KPMG warns car firms of overcapacity

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Car chiefs are warned today that they are underestimating the amount of surplus manufacturing capacity worldwide - a key determinant of profitability - mainly due to the explosive growth of the Chinese auto industry.

Three-quarters of executives believe overcapacity is now less than 20 per cent whereas the true figure remains about 25 per cent, says KPMG in its annual survey of the global auto industry.

Capacity utilisation is one of the key yardsticks used by car producers to gauge profitability. The rule of thumb is that profits can be made when there is capacity to make no more than five cars for every four bought. But KPMG says the global industry still has the capacity to make four cars for every three sold.

The main reason for continued high levels of overcapacity is the rapid growth of the Chinese car industry, the report says. Nearly four in 10 of the executives surveyed felt there was no overcapacity in China at all. However, a recent report from the investment bank Merrill Lynch puts Chinese capacity utilisation this year at just 65 per cent, down from nearly 100 per cent in 2003.

The Chinese auto market is now the third largest in the world with total sales of commercial and passenger vehicles of 4.4 million in 2003. But penetration of the domestic market remains tiny, at about just 2 per cent, and China has more than 600 car makers and assemblers.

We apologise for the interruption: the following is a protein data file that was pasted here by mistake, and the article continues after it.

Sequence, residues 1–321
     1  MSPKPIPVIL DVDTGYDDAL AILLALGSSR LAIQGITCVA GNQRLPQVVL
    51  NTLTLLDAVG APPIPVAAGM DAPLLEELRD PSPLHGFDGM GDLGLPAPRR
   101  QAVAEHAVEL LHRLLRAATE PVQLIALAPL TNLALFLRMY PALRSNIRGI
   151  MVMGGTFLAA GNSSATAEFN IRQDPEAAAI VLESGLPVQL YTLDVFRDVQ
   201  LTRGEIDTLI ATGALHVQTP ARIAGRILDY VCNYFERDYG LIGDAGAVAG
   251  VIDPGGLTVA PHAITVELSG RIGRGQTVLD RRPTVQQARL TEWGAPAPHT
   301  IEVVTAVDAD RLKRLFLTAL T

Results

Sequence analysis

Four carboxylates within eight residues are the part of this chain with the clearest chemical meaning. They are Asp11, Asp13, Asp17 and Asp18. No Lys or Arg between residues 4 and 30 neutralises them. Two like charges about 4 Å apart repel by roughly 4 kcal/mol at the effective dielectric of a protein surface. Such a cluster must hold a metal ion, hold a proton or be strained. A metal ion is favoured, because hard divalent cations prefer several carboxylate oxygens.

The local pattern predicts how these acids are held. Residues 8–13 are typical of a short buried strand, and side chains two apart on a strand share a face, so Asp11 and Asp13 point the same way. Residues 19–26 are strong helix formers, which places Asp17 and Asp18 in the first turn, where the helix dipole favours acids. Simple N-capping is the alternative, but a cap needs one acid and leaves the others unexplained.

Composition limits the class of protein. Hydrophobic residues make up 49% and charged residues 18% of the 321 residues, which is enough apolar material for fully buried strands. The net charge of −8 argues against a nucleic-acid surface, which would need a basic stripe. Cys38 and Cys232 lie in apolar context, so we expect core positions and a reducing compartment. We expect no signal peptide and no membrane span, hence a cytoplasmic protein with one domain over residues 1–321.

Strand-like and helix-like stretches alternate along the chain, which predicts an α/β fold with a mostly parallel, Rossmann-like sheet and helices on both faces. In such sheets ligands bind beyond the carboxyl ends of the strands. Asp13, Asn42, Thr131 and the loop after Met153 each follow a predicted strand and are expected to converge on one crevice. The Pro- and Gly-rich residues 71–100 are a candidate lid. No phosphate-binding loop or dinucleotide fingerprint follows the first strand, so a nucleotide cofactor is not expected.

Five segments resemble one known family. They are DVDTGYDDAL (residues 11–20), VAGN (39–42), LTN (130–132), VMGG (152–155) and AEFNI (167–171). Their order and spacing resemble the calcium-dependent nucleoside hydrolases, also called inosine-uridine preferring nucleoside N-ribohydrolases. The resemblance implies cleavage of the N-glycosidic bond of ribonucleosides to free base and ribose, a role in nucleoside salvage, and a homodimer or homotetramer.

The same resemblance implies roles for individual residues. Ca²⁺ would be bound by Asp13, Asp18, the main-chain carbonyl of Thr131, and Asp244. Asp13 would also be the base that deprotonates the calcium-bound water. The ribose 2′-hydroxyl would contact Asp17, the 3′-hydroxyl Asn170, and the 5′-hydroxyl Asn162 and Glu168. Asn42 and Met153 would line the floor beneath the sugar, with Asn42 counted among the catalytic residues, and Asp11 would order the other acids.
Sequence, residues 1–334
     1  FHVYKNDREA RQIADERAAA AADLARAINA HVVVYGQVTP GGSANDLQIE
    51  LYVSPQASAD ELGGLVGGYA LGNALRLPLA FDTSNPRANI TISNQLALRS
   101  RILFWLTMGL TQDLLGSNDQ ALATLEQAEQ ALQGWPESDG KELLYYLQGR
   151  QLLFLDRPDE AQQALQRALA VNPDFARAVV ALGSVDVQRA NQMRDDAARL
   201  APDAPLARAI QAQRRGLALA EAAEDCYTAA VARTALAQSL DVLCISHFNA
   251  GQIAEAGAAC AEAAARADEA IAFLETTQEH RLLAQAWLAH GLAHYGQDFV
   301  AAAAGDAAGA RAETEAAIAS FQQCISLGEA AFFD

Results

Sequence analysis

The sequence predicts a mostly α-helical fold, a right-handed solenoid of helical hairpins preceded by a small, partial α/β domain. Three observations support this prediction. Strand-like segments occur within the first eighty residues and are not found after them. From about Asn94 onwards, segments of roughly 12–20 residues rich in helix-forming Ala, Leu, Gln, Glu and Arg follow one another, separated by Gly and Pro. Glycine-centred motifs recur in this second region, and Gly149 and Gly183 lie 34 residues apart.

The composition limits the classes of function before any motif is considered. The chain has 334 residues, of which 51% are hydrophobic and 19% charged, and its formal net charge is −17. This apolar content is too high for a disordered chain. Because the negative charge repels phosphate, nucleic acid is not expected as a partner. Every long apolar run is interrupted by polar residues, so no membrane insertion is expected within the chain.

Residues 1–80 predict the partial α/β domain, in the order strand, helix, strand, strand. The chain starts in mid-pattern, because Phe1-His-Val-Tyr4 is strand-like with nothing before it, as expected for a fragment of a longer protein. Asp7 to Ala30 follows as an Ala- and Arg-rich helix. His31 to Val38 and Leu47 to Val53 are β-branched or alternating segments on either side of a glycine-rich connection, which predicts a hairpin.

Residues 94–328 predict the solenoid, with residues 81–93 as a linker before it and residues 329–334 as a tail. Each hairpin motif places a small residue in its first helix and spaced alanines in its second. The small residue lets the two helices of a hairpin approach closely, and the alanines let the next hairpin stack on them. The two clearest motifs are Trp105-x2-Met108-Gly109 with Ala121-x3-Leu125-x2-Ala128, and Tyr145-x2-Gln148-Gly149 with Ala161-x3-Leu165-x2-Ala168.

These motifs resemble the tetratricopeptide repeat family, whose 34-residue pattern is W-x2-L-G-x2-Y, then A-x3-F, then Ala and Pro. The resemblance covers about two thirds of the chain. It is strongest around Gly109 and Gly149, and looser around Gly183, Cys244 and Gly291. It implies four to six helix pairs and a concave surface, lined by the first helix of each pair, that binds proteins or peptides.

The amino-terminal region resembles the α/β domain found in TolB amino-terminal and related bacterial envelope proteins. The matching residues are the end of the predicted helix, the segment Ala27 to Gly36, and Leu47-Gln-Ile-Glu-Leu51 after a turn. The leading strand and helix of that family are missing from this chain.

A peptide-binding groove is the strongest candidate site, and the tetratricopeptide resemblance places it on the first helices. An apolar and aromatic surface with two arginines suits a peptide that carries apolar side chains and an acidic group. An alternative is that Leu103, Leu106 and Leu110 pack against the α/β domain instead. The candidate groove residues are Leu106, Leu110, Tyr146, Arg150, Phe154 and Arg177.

The growth of the Chinese market slowed markedly last year with car sales increasing by only 8 per cent in the third quarter compared with a figure of 75 per cent for 2003 as a whole. Merrill Lynch said that although sales growth would begin to accelerate again this year to about 22 per cent, it would not be enough to prevent an increase in overcapacity. There are very few exports of cars from China.

Mike Steventon, the UK head of automotive for KPMG, said that worldwide, four million units of capacity would need to be removed to bring utilisation back up to 80 per cent. "While a number of vehicle manufacturers have commenced reorganisation programmes to address overcapacity, it is not yet clear whether these programmes will be substantial enough to bring supply and demand back into balance and to drive improved profitability," he said.

KPMG warned that overcapacity would remain a "major issue" for the next decade, particularly in Asia. Mr Steventon said that even with predicted car sales of 3.1 million in China in 2007, less than 60 per cent of its manufacturing capacity would be filled.

Elsewhere in the survey, respondents were increasingly gloomy about the ability of European car makers to hold the line in the face of growing competition from Asian producers, with 25 per cent of executives forecasting they would lose market share. However more than half felt US car makers would grow market share compared with 42 per cent a year ago.